When I moved to Mosjøen a year and a half ago, I was so excited to finally live somewhere without any plans to leave. In fact I think it was the first time I’ve ever moved to a place that I thought I could stay forever. And that felt so good.
I first visited Mosjøen on a two week road trip through Northern Norway. It was only the second town I visited on a list of ten potential places I could move to, yet within twenty minutes I knew this was the one. I was meant to live here, maybe even forever!
And now a year and I half later I’ve left.
So what happened?
Well, first of all I chose Mosjøen together with my ex-boyfriend when we were looking for a place to settle down, but I ended up moving there on my own. And then I pretty much spent the next year stressing over whether or not Mosjøen was a good fit for me and my new single life.
I think my continued questioning of whether Mosjøen was the right fit probably had something to do with recently having lost a relationship I had spent years pouring my heart into, and I didn’t want to invest more time in yet another life that wouldn’t last. But it also didn’t help that most of my friends abroad expressed concern over my moving to a small town in the middle of nowhere at such a difficult point in my life (and in the dead of winter).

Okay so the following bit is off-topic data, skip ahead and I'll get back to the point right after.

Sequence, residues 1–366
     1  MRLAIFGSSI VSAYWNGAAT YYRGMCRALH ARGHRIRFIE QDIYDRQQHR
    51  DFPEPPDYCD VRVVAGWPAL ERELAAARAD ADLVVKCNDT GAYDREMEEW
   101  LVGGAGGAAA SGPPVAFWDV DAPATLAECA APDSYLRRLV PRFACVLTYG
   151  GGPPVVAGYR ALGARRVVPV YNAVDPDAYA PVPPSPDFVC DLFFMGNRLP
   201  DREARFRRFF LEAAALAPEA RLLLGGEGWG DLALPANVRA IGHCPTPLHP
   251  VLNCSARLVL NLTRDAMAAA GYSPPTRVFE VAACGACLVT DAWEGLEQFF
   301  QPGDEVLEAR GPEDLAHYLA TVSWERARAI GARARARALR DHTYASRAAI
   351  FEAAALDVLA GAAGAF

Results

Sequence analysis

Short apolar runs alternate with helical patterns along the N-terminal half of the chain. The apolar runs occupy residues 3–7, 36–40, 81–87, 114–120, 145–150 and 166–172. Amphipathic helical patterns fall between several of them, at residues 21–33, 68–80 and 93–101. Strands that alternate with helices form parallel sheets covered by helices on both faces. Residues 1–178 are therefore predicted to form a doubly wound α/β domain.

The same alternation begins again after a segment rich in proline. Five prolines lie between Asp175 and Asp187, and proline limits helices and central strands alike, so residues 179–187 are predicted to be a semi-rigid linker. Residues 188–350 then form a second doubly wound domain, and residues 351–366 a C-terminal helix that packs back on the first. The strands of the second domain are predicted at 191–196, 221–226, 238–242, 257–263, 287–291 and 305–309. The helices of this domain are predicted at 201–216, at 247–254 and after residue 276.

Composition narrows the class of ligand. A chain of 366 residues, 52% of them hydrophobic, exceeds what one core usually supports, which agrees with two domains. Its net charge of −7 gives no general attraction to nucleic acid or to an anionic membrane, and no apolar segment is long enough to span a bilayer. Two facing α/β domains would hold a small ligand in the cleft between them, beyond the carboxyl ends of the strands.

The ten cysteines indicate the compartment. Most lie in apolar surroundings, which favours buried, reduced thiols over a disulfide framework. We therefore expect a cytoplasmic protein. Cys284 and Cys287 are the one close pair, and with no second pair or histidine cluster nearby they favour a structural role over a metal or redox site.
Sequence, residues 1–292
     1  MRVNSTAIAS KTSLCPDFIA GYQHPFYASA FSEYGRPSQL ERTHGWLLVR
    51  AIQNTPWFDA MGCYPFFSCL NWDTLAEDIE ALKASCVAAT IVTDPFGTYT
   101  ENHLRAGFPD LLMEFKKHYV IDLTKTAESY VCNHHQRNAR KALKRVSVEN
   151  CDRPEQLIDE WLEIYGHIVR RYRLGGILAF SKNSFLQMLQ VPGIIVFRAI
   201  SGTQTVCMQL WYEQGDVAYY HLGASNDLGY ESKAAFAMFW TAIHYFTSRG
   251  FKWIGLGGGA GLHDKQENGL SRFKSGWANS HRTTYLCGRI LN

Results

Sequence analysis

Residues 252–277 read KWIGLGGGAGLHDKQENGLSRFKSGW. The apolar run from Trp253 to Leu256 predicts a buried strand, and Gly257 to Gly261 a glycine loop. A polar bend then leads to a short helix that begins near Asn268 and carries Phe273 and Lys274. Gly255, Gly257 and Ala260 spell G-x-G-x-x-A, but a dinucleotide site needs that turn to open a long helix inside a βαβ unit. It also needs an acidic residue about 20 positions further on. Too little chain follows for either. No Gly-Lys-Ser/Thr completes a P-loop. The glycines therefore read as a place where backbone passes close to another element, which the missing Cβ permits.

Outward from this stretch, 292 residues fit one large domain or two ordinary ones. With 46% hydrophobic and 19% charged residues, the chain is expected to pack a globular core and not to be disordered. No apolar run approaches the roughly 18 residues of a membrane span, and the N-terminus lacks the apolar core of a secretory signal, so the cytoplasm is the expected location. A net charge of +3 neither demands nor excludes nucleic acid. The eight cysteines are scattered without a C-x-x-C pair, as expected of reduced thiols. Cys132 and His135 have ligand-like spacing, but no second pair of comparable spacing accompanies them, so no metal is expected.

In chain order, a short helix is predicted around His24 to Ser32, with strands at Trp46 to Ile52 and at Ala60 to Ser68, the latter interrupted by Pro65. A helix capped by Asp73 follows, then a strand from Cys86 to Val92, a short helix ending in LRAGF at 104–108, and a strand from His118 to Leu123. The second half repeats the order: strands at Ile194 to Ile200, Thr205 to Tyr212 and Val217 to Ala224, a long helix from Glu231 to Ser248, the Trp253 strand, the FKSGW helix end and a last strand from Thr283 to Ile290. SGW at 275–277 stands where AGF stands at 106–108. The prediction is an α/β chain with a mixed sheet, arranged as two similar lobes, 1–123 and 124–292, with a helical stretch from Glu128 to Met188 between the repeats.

But despite my doubts, something kept me in Mosjøen.
I mean, I love Mosjøen. The downtown looks like a picture book, yet it also has the grit of a big aluminum factory keeping the town from feeling twee, I’m fully convinced that Helgeland is the most beautiful region in Norway, and my friend in Telemark seemed to be right when she said that Helgeland is home to the friendliest people in all of Norway. I still can’t get over how welcoming people in Mosjøen were to me, even when I was so, so sad when I first got there and probably not much fun to be around.
Where else in the world would a town gather outside on a dark December morning to eat porridge together?
View this post on Instagram
On Monday morning I got up early to join a few thousand of my neighbors for the world’s longest porridge table here in Mosjøen. Mosjøen calls itself Norway’s “Christmas town,” and it seriously is the most magical place to experience Christmas in Norway.🎄🎅And I love how involved the community is here, organizing such a beautiful way to celebrate the Christmas season. Does your hometown do anything special for the holidays? ☃️🎁✨